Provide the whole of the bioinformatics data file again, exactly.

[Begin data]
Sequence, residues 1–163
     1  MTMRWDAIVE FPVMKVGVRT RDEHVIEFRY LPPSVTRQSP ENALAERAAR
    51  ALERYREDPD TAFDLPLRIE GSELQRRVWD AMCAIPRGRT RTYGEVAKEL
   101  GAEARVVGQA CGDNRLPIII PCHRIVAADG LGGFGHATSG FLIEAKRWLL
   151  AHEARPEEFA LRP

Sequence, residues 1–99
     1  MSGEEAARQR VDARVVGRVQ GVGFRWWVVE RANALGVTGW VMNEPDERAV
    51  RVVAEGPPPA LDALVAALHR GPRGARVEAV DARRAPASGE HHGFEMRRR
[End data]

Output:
Sequence, residues 1–163
     1  MTMRWDAIVE FPVMKVGVRT RDEHVIEFRY LPPSVTRQSP ENALAERAAR
    51  ALERYREDPD TAFDLPLRIE GSELQRRVWD AMCAIPRGRT RTYGEVAKEL
   101  GAEARVVGQA CGDNRLPIII PCHRIVAADG LGGFGHATSG FLIEAKRWLL
   151  AHEARPEEFA LRP

Sequence, residues 1–99
     1  MSGEEAARQR VDARVVGRVQ GVGFRWWVVE RANALGVTGW VMNEPDERAV
    51  RVVAEGPPPA LDALVAALHR GPRGARVEAV DARRAPASGE HHGFEMRRR